If you're a regular reader of this column, you may be familiar with what I emphasize as the four key dimensions of life: financial health, personal health, family health and spiritual health.
Here are some thoughts on each dimension.
Financial health: Chairman of Hallmark Cards Joyce Hall was quoted as saying, “A good man will work much harder for reasons other than money.” If your desire is to build the best 21st century financial practice you can, make money the byproduct, not the goal.
The secret is to keep money your servant, not your master. Live below your means, invest in your business, focus on executing your long-range plan and exceed the expectations of your affluent clients. If you do these things, you will become a magnet for wealth.
Personal health: It's important to have a complete annual physical and follow the advice of your physician. And since personal health also includes mental health, it's essential you eliminate any unnecessary stress in your life. If you have too many accounts, there is a high probability you have unnecessary professional stress. If you are not taking a multidimensional approach to serve a select group of affluent clientele, you probably have unnecessary stress. So, take inventory. Have you done something to improve your personal health today? What do you want to do to better it tomorrow?
Family health: How are the relationships in your family? Can anything be done to make them better? This dimension takes on more relevance as one matures, sends children off to college and begins dreaming of retirement. Before focusing on personal achievement, count your family blessings and take inventory once again. Where are you right now with your family health? What needs improvement?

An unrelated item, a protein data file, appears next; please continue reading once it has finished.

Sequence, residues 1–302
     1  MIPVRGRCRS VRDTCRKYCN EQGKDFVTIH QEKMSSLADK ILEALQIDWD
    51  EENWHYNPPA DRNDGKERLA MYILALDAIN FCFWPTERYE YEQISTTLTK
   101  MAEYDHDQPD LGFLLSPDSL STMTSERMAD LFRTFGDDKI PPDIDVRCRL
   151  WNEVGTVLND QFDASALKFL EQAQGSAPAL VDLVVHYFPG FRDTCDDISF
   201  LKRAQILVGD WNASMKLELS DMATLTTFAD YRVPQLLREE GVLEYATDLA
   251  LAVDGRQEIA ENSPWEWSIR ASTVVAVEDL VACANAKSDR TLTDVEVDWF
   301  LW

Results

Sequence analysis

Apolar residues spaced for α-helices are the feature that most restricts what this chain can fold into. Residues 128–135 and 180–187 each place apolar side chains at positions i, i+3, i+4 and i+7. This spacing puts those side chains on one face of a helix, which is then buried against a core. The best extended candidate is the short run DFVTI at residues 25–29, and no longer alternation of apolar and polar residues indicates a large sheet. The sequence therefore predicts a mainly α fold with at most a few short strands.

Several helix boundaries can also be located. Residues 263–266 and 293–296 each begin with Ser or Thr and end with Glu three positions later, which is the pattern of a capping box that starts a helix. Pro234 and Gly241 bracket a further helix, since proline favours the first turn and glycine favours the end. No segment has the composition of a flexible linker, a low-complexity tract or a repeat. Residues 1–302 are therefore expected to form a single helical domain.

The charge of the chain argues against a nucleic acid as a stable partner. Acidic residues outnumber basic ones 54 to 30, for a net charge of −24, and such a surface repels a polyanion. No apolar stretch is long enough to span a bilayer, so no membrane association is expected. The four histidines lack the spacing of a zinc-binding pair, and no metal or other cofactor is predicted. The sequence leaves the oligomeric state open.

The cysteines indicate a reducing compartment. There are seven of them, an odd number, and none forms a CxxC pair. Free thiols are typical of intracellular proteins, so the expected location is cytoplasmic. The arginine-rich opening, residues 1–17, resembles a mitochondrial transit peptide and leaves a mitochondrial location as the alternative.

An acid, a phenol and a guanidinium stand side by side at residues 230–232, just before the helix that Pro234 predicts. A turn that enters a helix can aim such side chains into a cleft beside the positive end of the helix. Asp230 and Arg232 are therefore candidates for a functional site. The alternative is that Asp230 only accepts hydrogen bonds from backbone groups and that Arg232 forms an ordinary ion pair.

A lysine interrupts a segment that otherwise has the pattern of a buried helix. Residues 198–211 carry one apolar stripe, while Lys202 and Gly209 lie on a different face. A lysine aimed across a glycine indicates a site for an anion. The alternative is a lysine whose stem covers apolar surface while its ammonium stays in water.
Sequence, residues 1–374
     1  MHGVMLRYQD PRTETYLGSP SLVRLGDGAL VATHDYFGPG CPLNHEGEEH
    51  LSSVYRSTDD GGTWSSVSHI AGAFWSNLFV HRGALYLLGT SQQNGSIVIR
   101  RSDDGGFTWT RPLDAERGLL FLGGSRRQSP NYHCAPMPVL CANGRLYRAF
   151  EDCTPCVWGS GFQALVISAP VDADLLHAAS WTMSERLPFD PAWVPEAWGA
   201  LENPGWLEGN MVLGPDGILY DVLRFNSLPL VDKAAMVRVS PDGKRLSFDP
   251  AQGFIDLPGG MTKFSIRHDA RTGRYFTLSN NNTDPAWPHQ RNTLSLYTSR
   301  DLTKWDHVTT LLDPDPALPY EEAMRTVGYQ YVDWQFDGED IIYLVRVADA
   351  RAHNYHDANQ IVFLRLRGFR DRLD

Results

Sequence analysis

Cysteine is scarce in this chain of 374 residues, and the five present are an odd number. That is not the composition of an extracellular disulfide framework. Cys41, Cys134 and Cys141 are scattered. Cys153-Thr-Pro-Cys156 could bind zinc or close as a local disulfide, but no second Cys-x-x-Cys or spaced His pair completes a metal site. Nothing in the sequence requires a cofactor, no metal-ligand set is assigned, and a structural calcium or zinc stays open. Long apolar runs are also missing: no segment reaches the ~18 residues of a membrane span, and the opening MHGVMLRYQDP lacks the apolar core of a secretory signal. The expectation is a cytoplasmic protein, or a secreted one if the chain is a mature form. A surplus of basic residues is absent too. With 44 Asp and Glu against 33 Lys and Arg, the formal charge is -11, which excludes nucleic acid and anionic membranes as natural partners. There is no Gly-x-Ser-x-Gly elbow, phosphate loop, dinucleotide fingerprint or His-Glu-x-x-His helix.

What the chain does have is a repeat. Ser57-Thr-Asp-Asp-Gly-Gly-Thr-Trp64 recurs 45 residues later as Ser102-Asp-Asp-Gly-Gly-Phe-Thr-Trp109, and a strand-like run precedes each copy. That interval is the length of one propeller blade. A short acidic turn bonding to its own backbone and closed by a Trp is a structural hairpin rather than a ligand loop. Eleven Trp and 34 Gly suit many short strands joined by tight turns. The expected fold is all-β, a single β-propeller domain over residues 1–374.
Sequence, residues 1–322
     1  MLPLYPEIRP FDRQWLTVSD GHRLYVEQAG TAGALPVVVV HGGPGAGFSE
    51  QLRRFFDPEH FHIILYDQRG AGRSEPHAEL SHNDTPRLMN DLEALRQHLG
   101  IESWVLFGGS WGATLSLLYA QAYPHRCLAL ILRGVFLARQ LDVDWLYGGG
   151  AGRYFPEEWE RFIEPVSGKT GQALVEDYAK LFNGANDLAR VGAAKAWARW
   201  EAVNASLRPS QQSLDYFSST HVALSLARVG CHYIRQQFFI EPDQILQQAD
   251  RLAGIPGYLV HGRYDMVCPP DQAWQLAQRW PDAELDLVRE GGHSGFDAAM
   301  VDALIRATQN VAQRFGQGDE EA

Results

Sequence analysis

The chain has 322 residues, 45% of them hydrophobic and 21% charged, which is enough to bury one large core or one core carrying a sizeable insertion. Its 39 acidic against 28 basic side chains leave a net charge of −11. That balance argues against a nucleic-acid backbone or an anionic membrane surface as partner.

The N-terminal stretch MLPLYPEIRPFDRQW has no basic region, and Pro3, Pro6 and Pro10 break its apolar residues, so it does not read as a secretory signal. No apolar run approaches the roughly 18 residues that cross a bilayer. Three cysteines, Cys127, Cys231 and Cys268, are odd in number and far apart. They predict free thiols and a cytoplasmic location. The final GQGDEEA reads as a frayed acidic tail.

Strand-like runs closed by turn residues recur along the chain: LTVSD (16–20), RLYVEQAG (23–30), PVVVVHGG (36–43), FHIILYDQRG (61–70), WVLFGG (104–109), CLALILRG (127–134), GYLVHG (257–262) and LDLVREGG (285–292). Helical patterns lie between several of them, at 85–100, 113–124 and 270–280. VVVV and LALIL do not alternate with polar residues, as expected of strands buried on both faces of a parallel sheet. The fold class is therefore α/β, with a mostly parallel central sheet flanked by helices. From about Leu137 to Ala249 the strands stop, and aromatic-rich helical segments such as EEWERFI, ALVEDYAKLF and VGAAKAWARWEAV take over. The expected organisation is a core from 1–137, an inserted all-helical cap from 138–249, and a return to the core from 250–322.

Spiritual health: What I'm referring to is nondenominational, personal and beyond simply attending weekly religious services. Are you modeling attitudes and behaviors consistent with your beliefs?
Henry David Thoreau said, “Be not simply good — be good for something.” That something is your spiritual focus; it defines your spiritual health. So one last time, take inventory.
Success without balance and ongoing development in all four dimensions of life is not success. Ralph Waldo Emerson may have said it best:
“To laugh often and much;
“To win the respect of intelligent people and affection of children;
“To earn the appreciation of honest critics and endure the betrayal of false friends;
“To appreciate beauty, to find the best in others;
“To leave the world a bit better, whether by a healthy child, a garden patch or a redeemed social condition;
“To know even one life has breathed easier because you have lived. This is to have succeeded.”
Matt Oechsli is president of The Oechsli Institute in Greensboro, N.C., a sales consulting firm, and author of “Winning the Inner Game of Selling.” He can be reached at Matt@Oechsli.com.
Developing Your Parabroker
Life is about more than simply amassing large sums of money. If you believe this, then you can develop a valuable relationship with your parabroker that is beyond narrow issues of salary and workload. This requires becoming personally aware of your parabroker's financial health, personal health, family health and spiritual health.
If you dare to focus on examining the four key dimensions together, you and your parabroker will strengthen your working relationship in ways no one can predict. If you disclose your commitments, the blessings you've counted, your progress to date and where you're trying to go, the more likely your parabroker will allow you to help develop greater balance among the four dimensions of his or her life.